Basically -- all to say that I don't think an inability to get an MRI should prevent anyone from seeking treatment for their dog. If you are confident your dog has the classic SM symptoms or even if you just strongly suspect it, there is no reason you can't try any of the various medical or holistic approaches towards relieving pain. an MRI is needed if you want to pursue surgery -- they have to know whether or not it's operable and would the surgery relieve symptoms? (for example - i know of a dog with terrible syrinxes and pain, but not the bone deformity, so removing the occipital bone probably wouldn't provide any relief for this dog.)
Penny - I think if you are concerned that Chaucer's pain could be SM, it might be worth it to try the lasix (Furosemide) or maybe acupuncture or something like that to see if it relieves his pain. Non-steroidal anti-inflammatories would probably help, too, but this won't give you any clue if it's SM. If he responds to the lasix, there's a very high likelihood that it's SM. I'm not sure of any back problems that would resolve by administering a diuretic, but many dogs with SM get relief from this treatment. That way you will know what you're dealing with (hopefully) and have a better idea of how to treat it and provide relief for Chaucer.
Keep in mind, however, that if he does not respond to the Lasix, this doesn't rule out SM as not all SM dogs respond positively to the lasix therapy.
Very sorry to hear Chaucer and you have had such a rough year! :(
Hi Penny, my Chico of 6 1/2 years old also sometimes has problems with his back. Because of that, we had to stop agility when he was only 3 years old. He scratches a lot, already for some years now, but because he never had any pain around his neck, I thought that even if he would have syringo, the symptoms were only mild. My vet told me that nothing could be done about syringo, there was hardly any information on syringo in The Netherlands, so I did not take any action, until this spring when he started to limp with one forepaw from time to time. Then I began to wonder whether the problems with his back had anything to do with the supposed syringomyelia. An MRI scan was made and it appeared that he had a slight Chiara malformation and many syrinx of 5 to 7 mm from his neck all along his back to his tail. He is still relatively doing very well when I compare him to much younger dogs of which I have heard so far. A breeder in The Netherlands arranged that on some saturdays every few months cavaliers can be MRI'd in a hospital in the northern part in the country, provided there are some 20 cavaliers. A vet examines the dogs before they are anaethetized, the radiologist send a report of his findings together with a CD rom of the scan, a copy of this CD rom is sent to Clare Rusbridge who gives her findings by e-mail. This scan costs 200 euros, which is approx. the same as 200 US dollars.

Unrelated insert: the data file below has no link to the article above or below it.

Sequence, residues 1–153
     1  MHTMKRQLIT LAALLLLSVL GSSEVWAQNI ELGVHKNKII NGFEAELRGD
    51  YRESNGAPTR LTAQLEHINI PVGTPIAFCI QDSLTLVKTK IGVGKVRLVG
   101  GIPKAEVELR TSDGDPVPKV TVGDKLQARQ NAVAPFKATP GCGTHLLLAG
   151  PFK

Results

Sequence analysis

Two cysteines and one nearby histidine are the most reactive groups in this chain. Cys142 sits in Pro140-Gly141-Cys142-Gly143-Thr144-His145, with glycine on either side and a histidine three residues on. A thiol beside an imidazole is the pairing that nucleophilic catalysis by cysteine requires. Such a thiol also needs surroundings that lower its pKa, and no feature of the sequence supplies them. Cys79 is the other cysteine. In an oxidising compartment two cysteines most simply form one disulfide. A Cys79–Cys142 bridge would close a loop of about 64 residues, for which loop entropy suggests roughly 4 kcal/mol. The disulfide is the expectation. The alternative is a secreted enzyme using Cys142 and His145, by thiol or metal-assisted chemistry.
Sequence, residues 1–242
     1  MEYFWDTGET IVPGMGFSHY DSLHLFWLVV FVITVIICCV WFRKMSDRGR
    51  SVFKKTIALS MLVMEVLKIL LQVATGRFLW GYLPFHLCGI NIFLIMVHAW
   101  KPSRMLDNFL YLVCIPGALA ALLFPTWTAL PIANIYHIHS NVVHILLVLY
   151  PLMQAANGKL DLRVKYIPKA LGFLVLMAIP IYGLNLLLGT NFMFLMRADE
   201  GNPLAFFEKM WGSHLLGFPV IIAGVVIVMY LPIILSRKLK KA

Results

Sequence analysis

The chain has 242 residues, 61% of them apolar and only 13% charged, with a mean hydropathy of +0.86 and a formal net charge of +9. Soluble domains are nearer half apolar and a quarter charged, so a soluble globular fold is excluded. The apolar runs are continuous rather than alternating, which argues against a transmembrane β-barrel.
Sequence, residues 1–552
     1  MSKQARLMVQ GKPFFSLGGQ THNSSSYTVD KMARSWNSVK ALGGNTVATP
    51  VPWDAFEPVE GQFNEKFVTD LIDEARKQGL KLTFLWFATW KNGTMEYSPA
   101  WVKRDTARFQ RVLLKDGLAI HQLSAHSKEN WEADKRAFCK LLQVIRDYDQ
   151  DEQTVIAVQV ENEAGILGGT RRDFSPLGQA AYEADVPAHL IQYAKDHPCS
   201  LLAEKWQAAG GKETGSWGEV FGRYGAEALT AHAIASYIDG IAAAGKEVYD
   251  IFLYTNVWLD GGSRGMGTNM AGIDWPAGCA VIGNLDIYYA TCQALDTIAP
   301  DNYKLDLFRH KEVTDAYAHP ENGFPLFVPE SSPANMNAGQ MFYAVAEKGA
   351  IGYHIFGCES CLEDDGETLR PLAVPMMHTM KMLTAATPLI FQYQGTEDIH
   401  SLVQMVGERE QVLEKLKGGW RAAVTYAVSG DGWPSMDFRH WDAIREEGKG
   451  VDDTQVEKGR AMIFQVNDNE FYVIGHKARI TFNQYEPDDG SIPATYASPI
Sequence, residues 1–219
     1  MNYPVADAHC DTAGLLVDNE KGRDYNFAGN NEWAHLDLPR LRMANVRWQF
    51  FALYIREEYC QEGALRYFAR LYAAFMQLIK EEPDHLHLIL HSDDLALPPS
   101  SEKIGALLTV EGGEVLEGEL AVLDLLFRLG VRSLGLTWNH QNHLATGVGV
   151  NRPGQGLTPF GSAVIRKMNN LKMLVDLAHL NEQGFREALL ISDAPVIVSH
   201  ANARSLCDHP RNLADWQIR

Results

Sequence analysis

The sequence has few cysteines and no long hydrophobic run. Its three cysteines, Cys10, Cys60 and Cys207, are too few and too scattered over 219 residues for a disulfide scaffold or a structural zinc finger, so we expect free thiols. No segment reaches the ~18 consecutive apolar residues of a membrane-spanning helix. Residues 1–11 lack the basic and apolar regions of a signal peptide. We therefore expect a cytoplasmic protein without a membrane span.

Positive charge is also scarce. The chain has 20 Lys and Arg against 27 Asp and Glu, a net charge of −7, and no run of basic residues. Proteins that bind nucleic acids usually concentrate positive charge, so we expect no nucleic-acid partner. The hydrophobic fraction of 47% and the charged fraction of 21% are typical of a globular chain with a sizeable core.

Hi Ingrid, and welcome to the board; I am sorry to hear of Chico's diagnosis but it sounds like he is doing pretty well despite the syrinxes. It is a strange condition, where sometimes mildy affected dogs have more difficulty and those with lots of syrinxes have little!
I know many of the Netherlands breeders have been very supportive of research and did MRIs for Dr Rusbridge too. She has found the information from them very valuable. That's a great price on the MRI! I had mine done for around that price at the UK clinics; we are lucky to have those resources.
Hello Karlin, thank you for your welcome. There are indeed breeders in The Netherlands who are very supportive and have all their dogs scanned, also the breeder of my Chico. But unfortunately there are still many breeders who are not convinced at all of the serious situation and do not want to hear about it. I try to draw the attention of cavalier owners through the different forums, I will translate information from english into dutch and I will write in the Cavalier Vizier, the 2-monthly magazine of the dutch cavalier club. It is great that I found this site, I find the information very useful. Do you allow me to also translate this information into dutch?